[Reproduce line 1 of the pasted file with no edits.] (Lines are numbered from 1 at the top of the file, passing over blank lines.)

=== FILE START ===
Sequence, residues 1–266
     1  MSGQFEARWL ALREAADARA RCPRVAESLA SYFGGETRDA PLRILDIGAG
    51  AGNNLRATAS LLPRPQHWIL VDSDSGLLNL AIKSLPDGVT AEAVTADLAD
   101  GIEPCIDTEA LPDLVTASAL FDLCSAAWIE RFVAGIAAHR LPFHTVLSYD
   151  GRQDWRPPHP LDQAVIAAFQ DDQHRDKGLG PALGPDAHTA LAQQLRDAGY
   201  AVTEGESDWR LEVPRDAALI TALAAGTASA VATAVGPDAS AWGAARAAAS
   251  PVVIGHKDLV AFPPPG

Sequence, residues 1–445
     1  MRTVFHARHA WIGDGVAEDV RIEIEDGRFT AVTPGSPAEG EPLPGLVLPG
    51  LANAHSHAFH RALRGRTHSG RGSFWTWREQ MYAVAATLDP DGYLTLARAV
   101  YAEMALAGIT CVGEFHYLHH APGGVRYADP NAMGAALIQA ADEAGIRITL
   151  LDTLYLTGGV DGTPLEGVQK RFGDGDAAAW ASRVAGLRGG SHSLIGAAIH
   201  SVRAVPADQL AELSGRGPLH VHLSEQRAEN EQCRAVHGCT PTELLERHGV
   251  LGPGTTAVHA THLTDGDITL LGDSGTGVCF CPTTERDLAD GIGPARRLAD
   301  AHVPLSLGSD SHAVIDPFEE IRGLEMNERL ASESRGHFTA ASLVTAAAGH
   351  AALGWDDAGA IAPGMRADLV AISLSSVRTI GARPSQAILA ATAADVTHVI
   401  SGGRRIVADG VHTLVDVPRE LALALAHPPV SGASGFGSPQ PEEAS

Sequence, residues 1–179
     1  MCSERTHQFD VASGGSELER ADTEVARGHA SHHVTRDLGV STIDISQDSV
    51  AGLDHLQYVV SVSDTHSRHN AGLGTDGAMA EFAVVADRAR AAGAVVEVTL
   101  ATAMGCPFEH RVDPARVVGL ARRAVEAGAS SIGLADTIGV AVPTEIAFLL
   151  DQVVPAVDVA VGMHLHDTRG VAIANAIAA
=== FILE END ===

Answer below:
Sequence, residues 1–266